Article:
Work near electricity
- Do a risk assessment for the work you are planning, and make sure this covers electrical hazards.
- Learn how to recognise electrical wires. These may be overhead power lines, electrical wiring in a workplace, or cables buried under the ground.
- Get an up-to-date map of the services in the area and use it.
- Look for electrical wires, cables or equipment near where you are going to work and check for signs warning of dangers from electricity, or any other hazard. Remember to look up, down, and around you.
- If you will be digging or disturbing the earth or cutting into surfaces, use a cable locator to find buried services and permanently mark the position of services you do find.
- Work away from electrical wiring wherever possible. If you have to work near electrical wiring or equipment, ask for the electrical supply to be turned off. Make sure the power is off, and cannot be turned on again without you agreeing.
- If the electrical supply cannot be turned off, consult a competent person who should be able to advise you on the best way to proceed.
- Identify where it is safe to work. Put up danger notices where there are still live electrical circuits, and warn your co-workers where it is safe to work and where it is not safe. Remember to remove notices at the end of the work.
The booklet ‘Electricity at work, safe working practices’ provides general guidance on working near electricity. Many electricity supply companies will provide advice on how to work safely near electrical distribution equipment. You should contact them directly.
Electrical danger signs
Signs warning of electrical danger may not always be easy to see, or may have been removed, so even if you see no signs, electrical cables may still be nearby. Stay vigilant.
When you see signs warning of electrical danger it is highly likely there is electricity present. Remember, you don’t need to touch a high voltage cable to get an electric shock and even low voltage cables can be dangerous.
If you cannot work out where the electricity is, ask a competent person to do it for you.
The Department for Energy and Climate change (DECC) enforces the use of electrical safety signs on electrical distribution equipment such as substations and electricity poles.
You may not see electrical wires near where you plan to work but this doesn’t mean there aren’t any. Even if you do see wires, there may be others you cannot see. Electrical wiring may sometimes look like pipes, and may be a range of colours.
Before you drill or start cutting into surfaces:
- look for electrical wires and any other hazards such as asbestos. Remember to look on both sides of walls;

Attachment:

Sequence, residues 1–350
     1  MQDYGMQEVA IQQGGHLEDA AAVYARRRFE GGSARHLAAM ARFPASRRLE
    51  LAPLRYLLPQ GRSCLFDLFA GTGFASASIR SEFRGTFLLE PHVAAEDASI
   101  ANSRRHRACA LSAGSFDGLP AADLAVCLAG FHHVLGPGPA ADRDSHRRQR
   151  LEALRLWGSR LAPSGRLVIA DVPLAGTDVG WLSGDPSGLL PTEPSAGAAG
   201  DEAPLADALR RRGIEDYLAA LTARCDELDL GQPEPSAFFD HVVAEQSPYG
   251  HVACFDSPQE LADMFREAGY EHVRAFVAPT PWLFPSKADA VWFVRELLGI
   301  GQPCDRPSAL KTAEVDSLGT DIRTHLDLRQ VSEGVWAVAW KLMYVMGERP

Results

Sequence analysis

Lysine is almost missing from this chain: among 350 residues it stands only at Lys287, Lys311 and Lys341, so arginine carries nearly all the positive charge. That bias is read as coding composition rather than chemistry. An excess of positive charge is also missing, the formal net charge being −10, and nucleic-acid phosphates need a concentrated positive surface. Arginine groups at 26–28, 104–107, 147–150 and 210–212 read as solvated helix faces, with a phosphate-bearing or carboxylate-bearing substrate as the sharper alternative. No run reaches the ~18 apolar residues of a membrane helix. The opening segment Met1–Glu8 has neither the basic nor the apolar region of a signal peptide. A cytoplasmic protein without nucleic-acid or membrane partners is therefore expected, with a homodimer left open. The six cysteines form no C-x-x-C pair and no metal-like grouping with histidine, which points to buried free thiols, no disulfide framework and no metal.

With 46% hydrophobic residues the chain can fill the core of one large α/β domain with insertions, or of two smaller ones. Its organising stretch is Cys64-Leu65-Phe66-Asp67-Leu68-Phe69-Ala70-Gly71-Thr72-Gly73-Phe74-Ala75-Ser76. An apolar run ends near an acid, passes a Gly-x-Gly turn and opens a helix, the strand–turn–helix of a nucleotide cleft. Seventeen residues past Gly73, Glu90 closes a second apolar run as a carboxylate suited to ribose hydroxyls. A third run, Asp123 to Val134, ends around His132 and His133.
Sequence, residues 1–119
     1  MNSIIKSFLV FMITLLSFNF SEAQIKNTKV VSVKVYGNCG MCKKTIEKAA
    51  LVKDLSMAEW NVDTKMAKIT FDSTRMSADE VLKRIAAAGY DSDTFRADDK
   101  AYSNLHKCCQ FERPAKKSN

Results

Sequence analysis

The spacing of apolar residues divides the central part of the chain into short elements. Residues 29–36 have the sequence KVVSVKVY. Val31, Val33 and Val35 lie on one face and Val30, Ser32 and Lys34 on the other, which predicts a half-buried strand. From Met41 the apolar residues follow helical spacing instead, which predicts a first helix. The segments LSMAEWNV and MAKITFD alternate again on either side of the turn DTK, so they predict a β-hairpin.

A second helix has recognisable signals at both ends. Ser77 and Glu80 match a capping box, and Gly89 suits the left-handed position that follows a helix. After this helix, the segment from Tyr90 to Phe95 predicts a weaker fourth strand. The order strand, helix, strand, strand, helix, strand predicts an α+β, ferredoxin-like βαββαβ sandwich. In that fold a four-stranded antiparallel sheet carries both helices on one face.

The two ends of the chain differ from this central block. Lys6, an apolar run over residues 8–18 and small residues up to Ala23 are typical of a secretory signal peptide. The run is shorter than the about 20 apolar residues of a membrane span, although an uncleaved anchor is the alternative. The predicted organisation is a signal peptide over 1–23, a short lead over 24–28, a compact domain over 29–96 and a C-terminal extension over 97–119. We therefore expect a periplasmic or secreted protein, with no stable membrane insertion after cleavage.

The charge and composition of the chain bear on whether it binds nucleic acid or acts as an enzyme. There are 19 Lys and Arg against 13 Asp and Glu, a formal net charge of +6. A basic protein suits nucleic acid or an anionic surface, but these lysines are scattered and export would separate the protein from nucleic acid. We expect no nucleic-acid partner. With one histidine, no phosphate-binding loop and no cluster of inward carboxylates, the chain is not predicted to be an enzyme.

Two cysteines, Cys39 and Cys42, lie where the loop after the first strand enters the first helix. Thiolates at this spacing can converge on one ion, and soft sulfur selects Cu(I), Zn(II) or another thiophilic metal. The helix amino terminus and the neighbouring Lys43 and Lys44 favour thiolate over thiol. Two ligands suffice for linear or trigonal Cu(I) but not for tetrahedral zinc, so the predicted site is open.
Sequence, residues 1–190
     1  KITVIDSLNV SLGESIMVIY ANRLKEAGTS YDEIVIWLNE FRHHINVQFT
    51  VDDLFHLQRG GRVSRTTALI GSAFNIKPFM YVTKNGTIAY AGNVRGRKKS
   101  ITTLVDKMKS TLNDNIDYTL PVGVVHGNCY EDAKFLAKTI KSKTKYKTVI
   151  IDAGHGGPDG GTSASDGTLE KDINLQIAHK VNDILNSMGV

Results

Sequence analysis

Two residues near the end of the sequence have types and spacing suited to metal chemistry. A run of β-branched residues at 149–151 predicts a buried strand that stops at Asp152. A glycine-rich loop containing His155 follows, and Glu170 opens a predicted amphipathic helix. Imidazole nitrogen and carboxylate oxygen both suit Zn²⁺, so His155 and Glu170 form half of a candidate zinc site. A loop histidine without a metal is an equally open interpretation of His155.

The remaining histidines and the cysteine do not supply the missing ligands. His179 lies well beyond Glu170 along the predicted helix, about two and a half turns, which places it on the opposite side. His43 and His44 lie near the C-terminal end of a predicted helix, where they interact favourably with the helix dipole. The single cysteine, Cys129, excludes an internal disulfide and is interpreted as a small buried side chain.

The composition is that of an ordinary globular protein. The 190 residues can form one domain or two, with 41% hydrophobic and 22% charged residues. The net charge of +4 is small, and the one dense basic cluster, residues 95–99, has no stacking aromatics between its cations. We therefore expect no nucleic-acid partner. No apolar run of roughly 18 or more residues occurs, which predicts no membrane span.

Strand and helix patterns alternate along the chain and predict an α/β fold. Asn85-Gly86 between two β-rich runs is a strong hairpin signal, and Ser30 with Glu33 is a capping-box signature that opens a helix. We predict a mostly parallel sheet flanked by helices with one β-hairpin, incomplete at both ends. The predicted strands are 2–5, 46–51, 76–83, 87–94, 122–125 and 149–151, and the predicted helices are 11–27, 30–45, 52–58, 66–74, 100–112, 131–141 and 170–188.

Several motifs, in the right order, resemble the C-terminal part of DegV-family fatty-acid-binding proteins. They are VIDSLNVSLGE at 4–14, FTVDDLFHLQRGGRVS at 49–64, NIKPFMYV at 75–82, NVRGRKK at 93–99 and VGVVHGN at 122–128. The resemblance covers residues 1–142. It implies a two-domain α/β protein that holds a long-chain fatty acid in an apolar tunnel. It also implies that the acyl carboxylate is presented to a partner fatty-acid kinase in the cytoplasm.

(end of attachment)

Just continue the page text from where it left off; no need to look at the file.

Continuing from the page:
- ask to see plans of the electrical installation, and use these to find electrical wiring;
- If you are competent, use a suitable cable detector, or get a competent person to do it for you. Remember that some cable detectors won’t find a wire carrying a small current – consult the user guide.
- look for nearby electrical equipment or installations and find where the wiring runs to these.
- use equipment that will minimise the risks during the work.
- wear suitable protective clothing.
If you are in doubt STOP WORK and consult a competent person.
Many electrical cables are coloured to show their purpose and the voltage they are carrying. However, there are many standards used around the world, and you should never assume that a cable of a particular colour is at a particular voltage. The colours used for wiring in Britain changed in 2004. It is very important that you identify what voltages are present on an installation you are not familiar with.
Making sure the power is off
If you are not competent to check if the power is off, ask a competent person to do it for you, and watch them doing it. If you have any doubts about the method they have used, ask someone you know is competent.
When checking that power is off the competent person should be SURE that:
- The device being used is suitable for the purpose of isolation.
- The isolator being used to turn off the power is working correctly and reliably.
- The switch being used is the only way that the circuit can be fed with electrical power.
- The switch being used is locked in the off position and cannot easily be turned on again.
- The equipment and method being used to check for voltage works and is reliable.
- The isolation has been successful by confirming the circuit is no longer 'live'.
Some electrical systems and equipment must be earthed before it is safe to work near them. Check whether this is necessary, and if it is, ensure that this is done properly.
Making sure the power stays off (Secure Isolation)
If the electrical power has been turned off to allow you to do work safely, it is essential that the power stays off until you have finished work. Make sure YOU are in control and STAY in control. A good way is to have the only key to the switch or a locked room or cabinet containing the switch. Remember, if you remove a fuse, another one could be inserted in its place, and people ignore notices. If you have any doubts that the electricity may be turned on again without you agreeing, STOP WORK.
- Memorandum of guidance on the Electricity at Work Regulations 1989
- Electricity at work: Safe working practices
- Avoiding danger from underground services
- Avoiding danger from overhead power lines